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Friday, June 03, 2005

Thinking Outside the Barrel

A few weeks ago, Jeff Immelt, the CEO of General Electric, co-authored an excellent editorial in the Washington Post with Jonathan Lash, the president of the World Resources Institute. The piece was entitled "The Courage to Develop Clean Energy." I encourage you to read it here.

Essentially what the article said was that America has the brainpower to develop new solar and wind technology and that the commercial marketplace is now moving "green technologies ... into black," but what is missing is political leadership. The authors went on to say "our failure to close the deal on clean power is as puzzling as it is nonpartisan."

They are absolutely right! America can -- and must -- do better. It is the proverbial win-win situation. By promoting clean, sustainable alternative energies not only will America reduce carbon dioxide emission and thus help alleviate one of the main causes of global climate change, we will also benefit economically.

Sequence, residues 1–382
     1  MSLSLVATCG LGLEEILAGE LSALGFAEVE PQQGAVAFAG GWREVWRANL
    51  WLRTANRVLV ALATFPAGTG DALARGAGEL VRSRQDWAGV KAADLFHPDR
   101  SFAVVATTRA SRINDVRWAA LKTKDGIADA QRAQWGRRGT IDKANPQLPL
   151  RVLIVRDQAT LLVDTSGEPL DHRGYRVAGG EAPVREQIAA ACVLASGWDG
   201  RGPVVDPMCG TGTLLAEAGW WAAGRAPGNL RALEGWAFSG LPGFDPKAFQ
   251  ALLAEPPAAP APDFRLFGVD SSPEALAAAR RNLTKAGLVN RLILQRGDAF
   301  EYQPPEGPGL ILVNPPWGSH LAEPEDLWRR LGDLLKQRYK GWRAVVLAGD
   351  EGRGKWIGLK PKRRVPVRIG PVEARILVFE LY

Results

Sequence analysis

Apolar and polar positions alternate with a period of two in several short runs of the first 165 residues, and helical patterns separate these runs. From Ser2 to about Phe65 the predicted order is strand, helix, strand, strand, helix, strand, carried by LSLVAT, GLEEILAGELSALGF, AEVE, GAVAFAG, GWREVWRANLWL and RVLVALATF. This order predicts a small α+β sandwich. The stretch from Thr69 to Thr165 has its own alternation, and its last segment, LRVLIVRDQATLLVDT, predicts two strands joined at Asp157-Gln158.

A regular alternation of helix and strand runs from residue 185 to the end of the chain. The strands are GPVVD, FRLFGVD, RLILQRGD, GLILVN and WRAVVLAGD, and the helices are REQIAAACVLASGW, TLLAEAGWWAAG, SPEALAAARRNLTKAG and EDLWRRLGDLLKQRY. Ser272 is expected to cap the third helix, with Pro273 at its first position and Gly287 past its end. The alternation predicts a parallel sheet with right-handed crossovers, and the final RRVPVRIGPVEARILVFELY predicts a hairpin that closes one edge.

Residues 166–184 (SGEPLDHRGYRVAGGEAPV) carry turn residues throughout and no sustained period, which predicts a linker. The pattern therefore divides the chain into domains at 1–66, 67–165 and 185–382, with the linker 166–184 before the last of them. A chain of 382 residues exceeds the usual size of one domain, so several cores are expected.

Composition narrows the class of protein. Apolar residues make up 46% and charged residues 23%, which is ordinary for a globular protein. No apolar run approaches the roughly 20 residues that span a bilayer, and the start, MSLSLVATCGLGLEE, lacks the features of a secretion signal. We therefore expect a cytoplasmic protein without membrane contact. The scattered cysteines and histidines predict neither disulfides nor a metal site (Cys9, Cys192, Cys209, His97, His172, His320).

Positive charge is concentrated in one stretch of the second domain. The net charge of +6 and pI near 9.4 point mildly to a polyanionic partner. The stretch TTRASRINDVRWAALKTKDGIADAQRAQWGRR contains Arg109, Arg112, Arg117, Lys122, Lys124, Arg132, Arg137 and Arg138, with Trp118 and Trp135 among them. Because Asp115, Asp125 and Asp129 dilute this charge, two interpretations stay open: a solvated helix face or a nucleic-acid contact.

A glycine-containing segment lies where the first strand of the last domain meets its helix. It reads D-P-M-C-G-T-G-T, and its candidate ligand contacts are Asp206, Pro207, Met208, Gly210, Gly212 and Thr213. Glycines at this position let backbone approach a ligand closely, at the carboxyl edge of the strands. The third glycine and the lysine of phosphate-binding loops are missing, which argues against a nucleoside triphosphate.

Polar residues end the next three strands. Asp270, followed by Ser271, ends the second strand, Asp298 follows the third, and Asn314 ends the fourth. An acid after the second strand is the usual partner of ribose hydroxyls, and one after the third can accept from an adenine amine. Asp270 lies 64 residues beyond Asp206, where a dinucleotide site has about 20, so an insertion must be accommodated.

If we fail to act, we will cede leadership to Germany, China and other countries. Today, Germany employs over 40,000 workers manufacturing wind turbines. There is no reason why Minnesota -- which is one of the richest wind resource region in the country -- couldn't employ a similar number of people. (I encourage you to take a look at this "wind resource" map.) But we need leaders with the vision to see -- and then realize -- this potential.

Solar technology is another wonderful opportunity. Solar cells are continuing to become more efficient and lighter. In fact, a few companies are promising flexible solar cells (which can be laid over a home's roof) by 2007. It is not difficult for me to imagine an America in which every home and business has such solar cells installed on their roofs and we radically reduce our need for both coal and nuclear energy!

What we need, however, is vision and the political will to follow through to achieve such a vision.

One of the reasons I am running for the U.S. Senate is provide that vision -- and the political will. The bottom-line is this: we need more leaders who can "think outside the barrel."

P.S. I will be addressing the opportunities of fuel cell technologies in a separate post.